Date: Fri, 21 Nov 1997 23:18:11 -0600
From: "Donald M. Lance" engdl[AT SYMBOL GOES HERE]SHOWME.MISSOURI.EDU
Subject: Re: Merzouri
Mark Mandel continues his query, more precisely this time:
I'm sorry, I didn't express my question -- or perhaps my doubt -- precisely
enough. All the other examples of "er"
from the text that you mention as evidence that it's intended to convey an
r-less schwa are UNSTRESSED. But the
first syllable of "turnip" (spelled as "ternup" in the text, IIRC) is
unless we're talking about far different
changes than I thought we were. And I have trouble imagining a vowel in that
syllable that is any kind of match for
an r-less schwa. Maybe a diphthong with a palatal glide at the end, such as is
often transcribed "oi" ("da corner of
Toity-toid an' Toid"), but not an r-less schwa.
In referring to stressed/unstressed, you're assuming that a dialect writer
would adjust his/er spellings to differentiate on the basis of stress. Few
writers have that sophisticated an understanding of linguistic processes.
Consistency in the spelling counts more than niceties like level of
syllable stress in literary dialect marking; they're after stereotyping,
The sound in question isn't exactly the same as a schwa that you or I would
produce, but a higher and tenser vowel like my Uncle Ed produced. And like
many speakers of British dialects produce. The New York / New Orleans "oi"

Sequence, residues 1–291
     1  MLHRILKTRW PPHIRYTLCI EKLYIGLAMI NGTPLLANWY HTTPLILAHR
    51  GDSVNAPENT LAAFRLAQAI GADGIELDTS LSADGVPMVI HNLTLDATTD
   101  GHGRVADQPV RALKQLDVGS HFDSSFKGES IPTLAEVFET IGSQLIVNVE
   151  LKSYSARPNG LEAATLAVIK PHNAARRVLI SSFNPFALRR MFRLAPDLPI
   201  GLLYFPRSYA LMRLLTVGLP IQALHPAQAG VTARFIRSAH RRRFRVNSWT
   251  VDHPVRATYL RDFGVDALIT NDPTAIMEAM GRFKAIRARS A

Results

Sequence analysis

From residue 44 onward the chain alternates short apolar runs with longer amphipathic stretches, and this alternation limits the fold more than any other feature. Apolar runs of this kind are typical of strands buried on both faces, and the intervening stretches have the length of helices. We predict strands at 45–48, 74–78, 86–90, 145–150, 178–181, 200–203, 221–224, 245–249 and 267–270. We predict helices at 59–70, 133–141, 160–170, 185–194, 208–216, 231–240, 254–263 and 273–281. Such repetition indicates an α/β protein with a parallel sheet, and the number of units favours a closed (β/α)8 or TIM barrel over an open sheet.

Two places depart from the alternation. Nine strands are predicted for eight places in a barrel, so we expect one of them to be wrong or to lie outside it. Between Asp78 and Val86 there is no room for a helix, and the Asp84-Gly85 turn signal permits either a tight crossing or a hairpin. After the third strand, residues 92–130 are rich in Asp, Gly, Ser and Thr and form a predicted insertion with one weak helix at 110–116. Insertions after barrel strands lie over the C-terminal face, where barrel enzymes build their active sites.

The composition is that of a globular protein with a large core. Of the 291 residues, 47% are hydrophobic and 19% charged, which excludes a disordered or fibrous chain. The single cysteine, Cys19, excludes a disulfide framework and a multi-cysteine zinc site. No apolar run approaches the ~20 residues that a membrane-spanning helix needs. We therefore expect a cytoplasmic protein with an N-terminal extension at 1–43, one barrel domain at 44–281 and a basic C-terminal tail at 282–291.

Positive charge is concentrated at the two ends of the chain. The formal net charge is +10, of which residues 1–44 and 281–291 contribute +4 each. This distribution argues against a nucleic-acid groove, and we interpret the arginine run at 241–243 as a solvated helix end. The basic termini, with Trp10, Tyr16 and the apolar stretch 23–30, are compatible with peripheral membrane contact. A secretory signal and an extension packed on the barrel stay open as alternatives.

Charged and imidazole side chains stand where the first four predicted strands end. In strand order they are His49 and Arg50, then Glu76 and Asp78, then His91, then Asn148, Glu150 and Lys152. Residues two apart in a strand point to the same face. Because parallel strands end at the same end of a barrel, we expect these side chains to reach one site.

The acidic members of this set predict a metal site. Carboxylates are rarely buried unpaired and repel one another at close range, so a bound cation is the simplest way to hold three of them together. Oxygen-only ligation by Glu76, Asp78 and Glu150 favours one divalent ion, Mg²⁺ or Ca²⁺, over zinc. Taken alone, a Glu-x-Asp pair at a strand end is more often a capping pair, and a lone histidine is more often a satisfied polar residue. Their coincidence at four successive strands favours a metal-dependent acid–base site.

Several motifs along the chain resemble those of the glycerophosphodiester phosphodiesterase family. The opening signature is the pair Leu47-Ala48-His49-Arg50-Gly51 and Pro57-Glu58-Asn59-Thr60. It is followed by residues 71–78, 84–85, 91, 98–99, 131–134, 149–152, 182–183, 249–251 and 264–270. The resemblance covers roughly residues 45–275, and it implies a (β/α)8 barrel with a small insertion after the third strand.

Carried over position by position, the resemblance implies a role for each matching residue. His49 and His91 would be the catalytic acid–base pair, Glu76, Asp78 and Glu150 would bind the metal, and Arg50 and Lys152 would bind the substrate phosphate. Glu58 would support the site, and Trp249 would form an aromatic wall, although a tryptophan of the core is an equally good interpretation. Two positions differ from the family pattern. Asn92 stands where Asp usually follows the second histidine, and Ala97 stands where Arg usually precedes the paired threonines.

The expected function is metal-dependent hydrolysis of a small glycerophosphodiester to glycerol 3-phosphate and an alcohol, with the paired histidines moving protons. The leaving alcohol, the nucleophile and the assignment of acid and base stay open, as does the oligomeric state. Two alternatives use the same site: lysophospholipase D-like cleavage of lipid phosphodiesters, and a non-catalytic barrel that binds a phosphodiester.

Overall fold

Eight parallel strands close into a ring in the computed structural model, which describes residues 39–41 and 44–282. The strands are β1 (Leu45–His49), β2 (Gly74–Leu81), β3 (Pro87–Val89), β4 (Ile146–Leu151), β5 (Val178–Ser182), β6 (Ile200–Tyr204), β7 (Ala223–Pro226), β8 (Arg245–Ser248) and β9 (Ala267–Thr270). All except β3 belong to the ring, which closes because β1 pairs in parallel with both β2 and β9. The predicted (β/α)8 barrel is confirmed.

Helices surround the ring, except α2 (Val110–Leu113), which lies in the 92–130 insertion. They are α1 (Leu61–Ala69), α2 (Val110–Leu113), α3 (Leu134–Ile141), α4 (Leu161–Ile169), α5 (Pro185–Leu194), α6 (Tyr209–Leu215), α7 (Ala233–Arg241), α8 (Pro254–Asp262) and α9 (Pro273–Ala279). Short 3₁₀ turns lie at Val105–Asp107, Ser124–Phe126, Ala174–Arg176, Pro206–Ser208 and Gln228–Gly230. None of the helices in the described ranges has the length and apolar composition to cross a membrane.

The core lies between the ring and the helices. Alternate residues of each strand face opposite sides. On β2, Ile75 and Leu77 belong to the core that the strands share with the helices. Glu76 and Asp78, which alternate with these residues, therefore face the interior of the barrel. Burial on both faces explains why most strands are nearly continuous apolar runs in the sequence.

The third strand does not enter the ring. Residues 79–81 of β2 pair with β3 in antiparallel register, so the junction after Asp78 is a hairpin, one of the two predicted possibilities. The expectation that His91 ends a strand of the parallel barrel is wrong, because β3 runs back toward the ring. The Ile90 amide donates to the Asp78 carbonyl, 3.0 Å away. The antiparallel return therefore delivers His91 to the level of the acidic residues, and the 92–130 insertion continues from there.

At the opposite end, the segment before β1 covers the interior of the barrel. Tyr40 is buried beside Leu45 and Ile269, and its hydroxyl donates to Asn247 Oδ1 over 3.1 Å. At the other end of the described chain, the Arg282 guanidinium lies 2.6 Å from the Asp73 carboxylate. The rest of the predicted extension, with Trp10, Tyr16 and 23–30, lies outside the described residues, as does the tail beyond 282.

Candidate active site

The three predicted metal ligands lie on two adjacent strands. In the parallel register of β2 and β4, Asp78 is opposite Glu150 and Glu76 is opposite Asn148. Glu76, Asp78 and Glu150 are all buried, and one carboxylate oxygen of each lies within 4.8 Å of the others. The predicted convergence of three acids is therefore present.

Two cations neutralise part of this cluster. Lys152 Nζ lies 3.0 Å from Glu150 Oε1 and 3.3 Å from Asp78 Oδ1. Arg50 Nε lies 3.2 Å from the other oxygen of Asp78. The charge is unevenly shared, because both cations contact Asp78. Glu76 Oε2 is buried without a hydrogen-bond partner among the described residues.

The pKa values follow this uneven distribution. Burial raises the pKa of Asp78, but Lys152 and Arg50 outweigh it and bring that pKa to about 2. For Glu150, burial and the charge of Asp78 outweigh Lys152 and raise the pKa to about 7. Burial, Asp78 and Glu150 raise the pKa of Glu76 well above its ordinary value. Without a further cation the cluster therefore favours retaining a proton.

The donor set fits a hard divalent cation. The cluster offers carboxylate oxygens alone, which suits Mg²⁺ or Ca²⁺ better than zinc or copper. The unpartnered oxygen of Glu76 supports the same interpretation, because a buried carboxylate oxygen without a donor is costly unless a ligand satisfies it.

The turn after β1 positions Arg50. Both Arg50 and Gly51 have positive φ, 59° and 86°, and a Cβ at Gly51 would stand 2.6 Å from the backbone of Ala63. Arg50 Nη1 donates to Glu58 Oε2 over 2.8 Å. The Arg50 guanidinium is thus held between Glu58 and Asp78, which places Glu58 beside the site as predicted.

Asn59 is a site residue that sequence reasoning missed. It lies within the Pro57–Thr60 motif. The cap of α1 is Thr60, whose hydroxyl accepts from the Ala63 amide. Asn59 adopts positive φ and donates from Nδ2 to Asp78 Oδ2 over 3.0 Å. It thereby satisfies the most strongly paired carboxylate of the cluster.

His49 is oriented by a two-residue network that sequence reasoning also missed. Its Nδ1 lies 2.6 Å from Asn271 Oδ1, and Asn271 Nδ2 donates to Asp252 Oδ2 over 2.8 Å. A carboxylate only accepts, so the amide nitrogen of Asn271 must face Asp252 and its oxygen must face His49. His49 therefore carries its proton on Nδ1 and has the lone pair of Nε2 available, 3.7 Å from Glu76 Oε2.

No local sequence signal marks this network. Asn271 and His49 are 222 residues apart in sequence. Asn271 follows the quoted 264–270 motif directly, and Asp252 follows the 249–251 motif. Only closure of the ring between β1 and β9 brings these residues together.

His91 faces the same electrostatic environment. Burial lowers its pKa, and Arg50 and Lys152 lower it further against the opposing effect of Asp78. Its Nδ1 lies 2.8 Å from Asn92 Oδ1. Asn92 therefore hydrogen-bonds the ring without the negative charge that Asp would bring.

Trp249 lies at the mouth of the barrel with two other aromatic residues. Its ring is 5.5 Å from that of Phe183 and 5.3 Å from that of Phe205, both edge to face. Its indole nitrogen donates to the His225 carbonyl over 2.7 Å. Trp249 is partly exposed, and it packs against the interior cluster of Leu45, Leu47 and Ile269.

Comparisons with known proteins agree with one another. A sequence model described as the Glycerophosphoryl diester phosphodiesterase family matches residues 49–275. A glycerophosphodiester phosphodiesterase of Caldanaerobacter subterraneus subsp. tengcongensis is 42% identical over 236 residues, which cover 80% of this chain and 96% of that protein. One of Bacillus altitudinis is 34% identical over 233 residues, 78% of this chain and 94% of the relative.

diphthong isn't likely to be used in Cracker speech, back in 1850 or now.
Some "modified IPA" transcription systems have used both the wedge and a
symbol like a 3 with rounded top to represent mid-central r-less vowels,
and schwa and 3 with hooks to indicate r-ful mid-central vowels (unstressed
and stressed, respectively). This hook-less 3 in stressed and unstressed
versions is what I'm claiming the Cracker in the story used. I also would
imagine the Cracker to have quite a "drawl," i.e., lengthening of these
syllables so that these pronunciations were salient for his tormenter,
along with the salience of his spellings 'ternups' and 'pertaters'. A side
comment: where did the -er of 'taters' come from if not from a vernacular
pronunciation similar to the Cracker's?
The "oi" diphthnong you refer to in -Vr- nuclei is closer to [3I] than to
[oI], at least to my ear, whether in NY or NO or AAVE dialects.